6:17 | Gilbert Jensen had a best friend named Billy Ricketts. The war caught up with their friendship on a three man patrol in the jungle of Guadalcanal. Other combat memories from this time include a night attack on a Japanese camp and nighttime Japanese banzai attacks.
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The tool and die factory looked dark and bleak so Gilbert Jensen wanted to enlist and join the war effort. It took a family meeting to convince his mother to let him become a Marine. Boot camp in San Diego featured an erratic drill instructor and a surprise swimming coach.
Gilbert Jensen thought Guadalcanal was the most beautiful sight he had ever seen. The only danger the first night was from local sea creatures but soon he was face to face with the determined Japanese occupiers.
Marine Gilbert Jensen recalls when a Japanese force of 500 men landed on Guadalcanal and was beaten. Then they landed 900 with the same result. What happened when they upped the ante to 1500?
You were always close to the enemy in the jungle on Guadalcanal, according to Gilbert Jensen. And he had the stains on his shirt to prove it. You could see strange things as well, like the time the Kansas farmer of the unit thought he saw the Japanese climbing coconut trees with lit cigars.
In the daytime, it was Japanese artillery. At night, they brought their naval guns to bear on the Marines in the jungle. If that wasn't bad enough, Gilbert Jensen couldn't cross a river without checking for their hygiene conscious troops, who would bathe anytime they got near a body of water.
Years after his duty on Guadalcanal, Marine Gilbert Jensen saw his unit's exploits turned into a Hollywood movie, Battle Cry. He says it was pretty accurate, but they did change the commander's nickname to something a little more flattering,
He can laugh, now, about the t-shirts the chaplain gave the native girls, and about the fruitcake his sister sent that he still has. But Gilbert Jensen doesn't laugh about contracting four tropical diseases at the same time.
Gilbert Jensen had a best friend named Billy Ricketts. The war caught up with their friendship on a three man patrol in the jungle of Guadalcanal. Other combat memories from this time include a night attack on a Japanese camp and nighttime Japanese banzai attacks.
Eugene Whitfield tells the story of the twin kamikaze attacks on the aircraft carrier Ticonderoga. The first plane caught them by surprise when the Japanese pilot came straight down out of the sun. The second one hit the bridge and the captain was wounded, but he proved to be very tough.
After a mission, Mitch Touart and his crew notice that one of the planes has gone missing, only to find out that it has crashed into an embankment. COL Dunning ends up having to make a tragic decision about SGT Edelman, who is trapped in the aircraft.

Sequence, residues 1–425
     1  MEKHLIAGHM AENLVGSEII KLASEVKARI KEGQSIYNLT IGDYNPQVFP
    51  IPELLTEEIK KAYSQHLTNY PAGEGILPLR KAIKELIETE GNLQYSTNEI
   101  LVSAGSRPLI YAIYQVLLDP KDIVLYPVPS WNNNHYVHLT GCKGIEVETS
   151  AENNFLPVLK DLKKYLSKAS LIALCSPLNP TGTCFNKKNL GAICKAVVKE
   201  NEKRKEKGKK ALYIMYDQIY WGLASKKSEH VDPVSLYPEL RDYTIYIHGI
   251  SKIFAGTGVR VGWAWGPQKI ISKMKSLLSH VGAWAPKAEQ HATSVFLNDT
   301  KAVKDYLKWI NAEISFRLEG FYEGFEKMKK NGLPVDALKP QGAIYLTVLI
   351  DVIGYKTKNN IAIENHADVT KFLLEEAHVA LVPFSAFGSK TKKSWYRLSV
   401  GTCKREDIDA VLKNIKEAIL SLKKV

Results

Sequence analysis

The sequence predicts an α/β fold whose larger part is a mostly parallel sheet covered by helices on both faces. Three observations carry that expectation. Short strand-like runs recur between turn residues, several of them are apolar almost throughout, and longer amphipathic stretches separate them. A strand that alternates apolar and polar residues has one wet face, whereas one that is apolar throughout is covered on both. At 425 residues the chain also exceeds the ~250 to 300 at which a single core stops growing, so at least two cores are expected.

The first operation for the 4th Division was the landing on Roi-Namur. Lawrence Snowden remembers that, though it was an easy victory, valuable combat experience and important lessons were imparted on the Marines.
There was no way paratroop trainee Al Mampre wanted to be a medic. So, naturally, he became a medic. On his first jump into Holland, he had an unusual experience under fire involving civilians and cherries.
Naval Motor Machinist Jack Brady remembers a particular officer who was to blame for a horrible incident while aboard the St. Mary's in the Pacific. This ship was used for transporting medical supplies, gasoline, ammunition and jeeps among other items.
Medic Al Mampre was wounded when he went to the aid of a soldier who was in the open, with no cover at all. He was impressed with the Dutch civilians who ran, unarmed, out to help him. He recovered and stayed with the Allied push all the way to Bastogne, which he allowed was, "A little chilly."
It was the best duty he ever had. Al Mampre was in charge of health care for visiting dignitaries in a luxury hotel in Berchtesgaden. He learned to love the speckled trout and how to dodge MP's in a big Packard.
Al Mampre says the medics were fastest on the mountain, fastest on the obstacle course and better on the firing range, except for him. He tells how a sergeant in his outfit inspired the story of the Band of Brothers. And he reveals his parting comments to his commanding officer and his girlfriend's premonition.
Mack Abbott receives orders from Commanding Officer Kurtz to capture a prisoner so word could be sent to the Japanese that Saipan and Tinian had fallen to the Americans. Upon returning from the mission, Colonel Tibbetts makes a groundbreaking announcement to the men at the camp.
Bill Wheat details the many events that occurred between landing in Leyte and fighting in Manila. Bill and his men watched the Japanese take Manila from miles away. The unit sustained banzai attacks at night in Manila, and cleared the Japanese troops stationed in Intramuros (Walled City).
Robert Ricks never felt afraid or unable to fly a mission. He knew the crew was depending on each member. Besides, there was the reward of the three day pass to London, where the dance halls were full of women with no men.
Duard Baxter recalls arrival on Okinawa at Yontan airfield. They were expecting heavy resistance but surprisingly didn’t have much confrontation. He shares a story of one Japanese pilot who was at the wrong place at the wrong time when they arrived.